New ALR Tree Planting Rules Gets it Right

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New ALR Tree Planting Rules Gets it Right

I normally point a skeptical lens towards government policies and can be guilty of viewing most compromises as deals that are bad for all involved. But I am pleasantly surprised with the balance and good judgement that has been shown in the new regulations governing tree planting on land in the Agricultural Land Reserve (ALR) in British Columbia (BC).

Under the new regulations, property owners in the ALR will need to apply to the Agricultural Land Commission (ALC) to plant trees on properties larger than 20 hectares, if those trees are not for an accepted ALC farm use such as food production or agroforestry.

These new regs essentialy allow business as usual for the appropriate use of trees on farms in BC for food production in either conventional (e.g. orchards) or agroforestry settings, while putting the brakes on the recent carbon-credits driven mania. In a recent land rush, primarily foreign multinationals have been seeking to offset their emissions in Europe and the United States by buying and afforesting farms and ranches in the interior of BC. In essence, they were were preserving their unsustainable manufacturing emissions profiles, by ripping land out of agricultural production into carbon-credit reserves, with serious implications for the long-term sustainability of BC agriculture.

BC’s agricultural land base is far too small to remove large blocks of land to devote solely for carbon sequestration. Especially given that we can achieve improved food security and conservation without removing this land from production. With expanded use of agroforestry we can proverbially have our cake and eat it too. These new regulations are win for an integrated approach to land use.

Climate Change Adaptation for the Agriculture Sector

Agriculture and Agri-Food Canada (AAFC) is developing climate change strategy in an attempt to address the domestic and international climate change mitigation and adaptation challenges and opportunities. As part of this exercise, AAFC is holding a series of regional workshops across Canada to inform the fed’s development of a road map for climate change including identifying priority actions that can be taken to become more resilient to long-term climate changes.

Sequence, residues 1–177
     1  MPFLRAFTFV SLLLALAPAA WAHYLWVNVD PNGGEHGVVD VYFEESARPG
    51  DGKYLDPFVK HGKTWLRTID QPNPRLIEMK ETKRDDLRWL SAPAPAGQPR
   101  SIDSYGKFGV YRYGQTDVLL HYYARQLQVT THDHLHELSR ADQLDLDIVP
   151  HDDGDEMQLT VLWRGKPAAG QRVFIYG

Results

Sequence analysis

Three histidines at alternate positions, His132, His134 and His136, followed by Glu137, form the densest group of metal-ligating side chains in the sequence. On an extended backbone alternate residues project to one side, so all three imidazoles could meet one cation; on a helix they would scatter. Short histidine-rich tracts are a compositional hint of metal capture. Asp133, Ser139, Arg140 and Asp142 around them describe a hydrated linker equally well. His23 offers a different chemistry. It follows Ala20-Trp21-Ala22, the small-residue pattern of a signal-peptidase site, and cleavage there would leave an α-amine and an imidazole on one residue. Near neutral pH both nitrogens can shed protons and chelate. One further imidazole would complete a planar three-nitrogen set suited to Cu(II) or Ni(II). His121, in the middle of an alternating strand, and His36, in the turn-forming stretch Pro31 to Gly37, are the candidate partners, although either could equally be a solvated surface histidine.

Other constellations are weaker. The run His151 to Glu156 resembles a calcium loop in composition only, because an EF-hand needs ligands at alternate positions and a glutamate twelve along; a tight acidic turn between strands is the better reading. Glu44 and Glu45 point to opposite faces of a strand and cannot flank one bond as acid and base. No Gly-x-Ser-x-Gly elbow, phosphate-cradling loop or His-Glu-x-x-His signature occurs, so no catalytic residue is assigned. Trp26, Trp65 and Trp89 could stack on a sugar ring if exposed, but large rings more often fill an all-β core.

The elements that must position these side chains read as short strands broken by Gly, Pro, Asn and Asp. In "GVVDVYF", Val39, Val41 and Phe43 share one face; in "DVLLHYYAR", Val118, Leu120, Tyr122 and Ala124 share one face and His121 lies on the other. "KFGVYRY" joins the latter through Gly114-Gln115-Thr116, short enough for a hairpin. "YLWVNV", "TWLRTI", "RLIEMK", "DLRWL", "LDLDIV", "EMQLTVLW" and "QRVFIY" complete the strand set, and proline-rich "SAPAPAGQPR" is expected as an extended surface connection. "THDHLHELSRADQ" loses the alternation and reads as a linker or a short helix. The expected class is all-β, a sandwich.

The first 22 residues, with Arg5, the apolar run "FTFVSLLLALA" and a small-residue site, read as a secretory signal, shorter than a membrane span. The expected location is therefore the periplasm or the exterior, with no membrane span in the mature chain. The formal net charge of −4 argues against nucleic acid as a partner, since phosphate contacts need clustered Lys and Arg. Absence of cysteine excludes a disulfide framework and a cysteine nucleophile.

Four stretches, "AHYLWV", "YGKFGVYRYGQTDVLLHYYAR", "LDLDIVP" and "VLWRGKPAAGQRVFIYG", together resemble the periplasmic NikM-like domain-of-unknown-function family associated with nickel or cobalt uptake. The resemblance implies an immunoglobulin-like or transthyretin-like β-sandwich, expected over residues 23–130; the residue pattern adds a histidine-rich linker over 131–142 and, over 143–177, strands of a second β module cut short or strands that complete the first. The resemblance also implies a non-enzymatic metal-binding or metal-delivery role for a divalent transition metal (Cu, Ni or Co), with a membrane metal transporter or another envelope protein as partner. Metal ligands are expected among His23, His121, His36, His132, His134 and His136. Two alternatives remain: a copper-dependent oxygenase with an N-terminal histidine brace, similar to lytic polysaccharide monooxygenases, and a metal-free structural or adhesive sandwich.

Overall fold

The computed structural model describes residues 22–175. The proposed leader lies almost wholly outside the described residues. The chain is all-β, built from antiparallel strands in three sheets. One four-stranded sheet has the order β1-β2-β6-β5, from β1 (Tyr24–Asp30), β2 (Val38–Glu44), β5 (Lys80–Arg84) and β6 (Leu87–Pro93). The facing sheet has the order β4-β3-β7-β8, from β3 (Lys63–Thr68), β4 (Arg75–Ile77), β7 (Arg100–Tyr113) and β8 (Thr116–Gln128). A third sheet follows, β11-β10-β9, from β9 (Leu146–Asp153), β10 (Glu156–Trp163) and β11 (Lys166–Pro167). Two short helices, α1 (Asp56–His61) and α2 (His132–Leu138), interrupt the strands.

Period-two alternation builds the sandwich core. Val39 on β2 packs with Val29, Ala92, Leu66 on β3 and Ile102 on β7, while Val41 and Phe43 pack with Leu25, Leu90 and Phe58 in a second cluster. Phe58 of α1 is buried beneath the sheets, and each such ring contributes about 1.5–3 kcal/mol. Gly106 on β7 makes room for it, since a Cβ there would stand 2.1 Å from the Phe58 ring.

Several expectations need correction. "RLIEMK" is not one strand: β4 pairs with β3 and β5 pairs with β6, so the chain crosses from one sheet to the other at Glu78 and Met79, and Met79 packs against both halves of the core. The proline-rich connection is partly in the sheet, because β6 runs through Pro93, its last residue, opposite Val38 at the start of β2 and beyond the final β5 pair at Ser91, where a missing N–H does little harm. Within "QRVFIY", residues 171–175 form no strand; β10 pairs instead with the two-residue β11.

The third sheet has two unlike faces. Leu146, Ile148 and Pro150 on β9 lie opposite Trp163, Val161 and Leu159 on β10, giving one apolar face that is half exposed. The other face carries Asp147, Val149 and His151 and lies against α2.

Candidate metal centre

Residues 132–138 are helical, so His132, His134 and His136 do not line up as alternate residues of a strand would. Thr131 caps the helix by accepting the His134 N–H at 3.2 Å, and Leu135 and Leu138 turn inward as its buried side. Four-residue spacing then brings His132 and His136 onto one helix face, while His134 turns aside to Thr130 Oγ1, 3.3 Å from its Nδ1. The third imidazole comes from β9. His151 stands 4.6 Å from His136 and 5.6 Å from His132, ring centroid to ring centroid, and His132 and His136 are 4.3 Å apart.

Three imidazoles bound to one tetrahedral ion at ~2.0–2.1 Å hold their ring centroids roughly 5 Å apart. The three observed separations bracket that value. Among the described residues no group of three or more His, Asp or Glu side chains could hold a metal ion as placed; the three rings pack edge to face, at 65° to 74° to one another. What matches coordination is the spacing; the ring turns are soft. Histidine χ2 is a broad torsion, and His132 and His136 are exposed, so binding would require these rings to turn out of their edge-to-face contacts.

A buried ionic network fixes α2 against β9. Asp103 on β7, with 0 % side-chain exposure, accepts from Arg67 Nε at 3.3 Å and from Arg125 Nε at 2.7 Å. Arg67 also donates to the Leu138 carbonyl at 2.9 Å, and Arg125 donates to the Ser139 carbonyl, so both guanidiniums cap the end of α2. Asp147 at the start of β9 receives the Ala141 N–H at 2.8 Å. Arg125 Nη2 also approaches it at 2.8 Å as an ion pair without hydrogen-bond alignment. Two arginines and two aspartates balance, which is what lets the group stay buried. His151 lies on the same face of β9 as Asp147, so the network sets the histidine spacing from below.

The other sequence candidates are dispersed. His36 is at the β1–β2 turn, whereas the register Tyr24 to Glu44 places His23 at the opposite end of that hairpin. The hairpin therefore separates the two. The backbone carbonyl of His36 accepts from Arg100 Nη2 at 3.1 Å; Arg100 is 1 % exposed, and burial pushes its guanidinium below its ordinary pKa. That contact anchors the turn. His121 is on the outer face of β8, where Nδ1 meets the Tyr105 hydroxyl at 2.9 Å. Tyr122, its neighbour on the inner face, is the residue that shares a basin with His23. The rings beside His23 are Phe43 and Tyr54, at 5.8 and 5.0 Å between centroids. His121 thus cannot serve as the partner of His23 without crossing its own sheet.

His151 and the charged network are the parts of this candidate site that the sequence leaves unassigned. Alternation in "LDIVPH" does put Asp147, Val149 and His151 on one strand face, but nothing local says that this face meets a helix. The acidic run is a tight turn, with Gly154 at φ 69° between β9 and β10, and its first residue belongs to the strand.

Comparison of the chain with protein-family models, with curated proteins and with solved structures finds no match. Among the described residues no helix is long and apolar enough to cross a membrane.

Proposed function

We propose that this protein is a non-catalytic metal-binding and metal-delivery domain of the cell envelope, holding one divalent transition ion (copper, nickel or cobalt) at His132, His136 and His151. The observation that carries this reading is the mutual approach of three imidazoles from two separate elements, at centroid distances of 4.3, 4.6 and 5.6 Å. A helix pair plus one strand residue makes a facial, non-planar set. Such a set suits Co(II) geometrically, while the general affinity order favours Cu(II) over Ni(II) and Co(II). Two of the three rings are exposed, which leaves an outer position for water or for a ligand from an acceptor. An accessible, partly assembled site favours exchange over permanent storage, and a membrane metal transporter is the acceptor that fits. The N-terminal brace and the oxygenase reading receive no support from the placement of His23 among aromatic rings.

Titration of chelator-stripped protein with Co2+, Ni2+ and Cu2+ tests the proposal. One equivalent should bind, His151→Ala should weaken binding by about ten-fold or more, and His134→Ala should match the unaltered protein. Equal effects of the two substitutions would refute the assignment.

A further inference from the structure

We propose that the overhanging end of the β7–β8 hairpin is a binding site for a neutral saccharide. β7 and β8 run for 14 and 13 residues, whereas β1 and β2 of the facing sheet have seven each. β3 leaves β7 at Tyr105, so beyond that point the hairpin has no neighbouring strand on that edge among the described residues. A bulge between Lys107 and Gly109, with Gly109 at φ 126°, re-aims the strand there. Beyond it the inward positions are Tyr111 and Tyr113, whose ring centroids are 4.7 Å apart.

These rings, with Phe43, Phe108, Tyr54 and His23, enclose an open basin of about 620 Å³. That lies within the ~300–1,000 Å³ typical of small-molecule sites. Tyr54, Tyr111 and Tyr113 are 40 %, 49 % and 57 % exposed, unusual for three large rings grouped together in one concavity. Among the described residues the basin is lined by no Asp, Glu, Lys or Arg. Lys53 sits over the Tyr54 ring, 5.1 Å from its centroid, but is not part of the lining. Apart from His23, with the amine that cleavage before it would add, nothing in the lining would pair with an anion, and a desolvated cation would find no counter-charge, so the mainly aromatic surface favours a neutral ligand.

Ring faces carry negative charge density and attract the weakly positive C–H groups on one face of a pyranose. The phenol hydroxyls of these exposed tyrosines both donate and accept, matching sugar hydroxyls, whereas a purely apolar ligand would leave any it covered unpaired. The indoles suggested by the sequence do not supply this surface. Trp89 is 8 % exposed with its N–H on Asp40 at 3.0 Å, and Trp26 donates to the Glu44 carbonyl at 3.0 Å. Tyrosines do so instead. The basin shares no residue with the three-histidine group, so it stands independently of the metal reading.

I participated in one of these workshops this week in Vancouver with a large group dominated by government employees, and few industry representatives.

I believe we need to view the climate adaptation strategy holistically. The ability to adapt to any situation is strengthened by the fiscal strength of the sector and individual operations. In that light, all levels of government should re-examine policies and regulations that are undermining the viability of agriculture in Canada. For example, meat processing regulations have greatly hindered the profit potential and market outlets for livestock producers. Why should farmers worry about adapting their operations to changing climate if they won’t be in business next year?

It’s been said that diversification is the only free lunch. And diversity is a hedge against unplanned change. So we need to look to crop choice and the diversity of growing conditions employed to hedge against climate change. For example, if we focus again on the livestock sector, one strategy to adapt to cyclical drought is through blending forage production in pastures and silvopastures. In a dry year, tree cover will conserve soil moisture and understory forages can outproduce plants grown in the open.

We might also expect increased wind and water erosion potential with episodic drought and flooding. We need to buffer these extremes to preserve the productive landbase and protect other resource values. In that vein, we should move aggressively to increase the use of riparian buffers and shelterbelts in Canada and actively provide incentives to manage and rejuvenate old shelterbelts. A big step forward needed to increase producer adoption of agroforestry plantings is to eliminate the punitive regulations and property tax regimes that discourage their use. Agroforestry is a key for future production systems because it helps to both adapt to and mitigate (e.g. sequester carbon) climate change and offers diversification opportunities for non-timber forest resources.